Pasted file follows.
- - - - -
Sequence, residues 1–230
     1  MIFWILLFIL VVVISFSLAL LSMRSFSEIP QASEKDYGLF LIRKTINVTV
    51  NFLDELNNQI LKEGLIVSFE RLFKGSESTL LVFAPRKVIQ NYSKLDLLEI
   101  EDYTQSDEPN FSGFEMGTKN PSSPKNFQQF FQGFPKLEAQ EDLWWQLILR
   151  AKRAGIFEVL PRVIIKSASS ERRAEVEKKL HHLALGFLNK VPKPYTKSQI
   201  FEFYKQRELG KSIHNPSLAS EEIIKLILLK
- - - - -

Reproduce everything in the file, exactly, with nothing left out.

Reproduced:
Sequence, residues 1–230
     1  MIFWILLFIL VVVISFSLAL LSMRSFSEIP QASEKDYGLF LIRKTINVTV
    51  NFLDELNNQI LKEGLIVSFE RLFKGSESTL LVFAPRKVIQ NYSKLDLLEI
   101  EDYTQSDEPN FSGFEMGTKN PSSPKNFQQF FQGFPKLEAQ EDLWWQLILR
   151  AKRAGIFEVL PRVIIKSASS ERRAEVEKKL HHLALGFLNK VPKPYTKSQI
   201  FEFYKQRELG KSIHNPSLAS EEIIKLILLK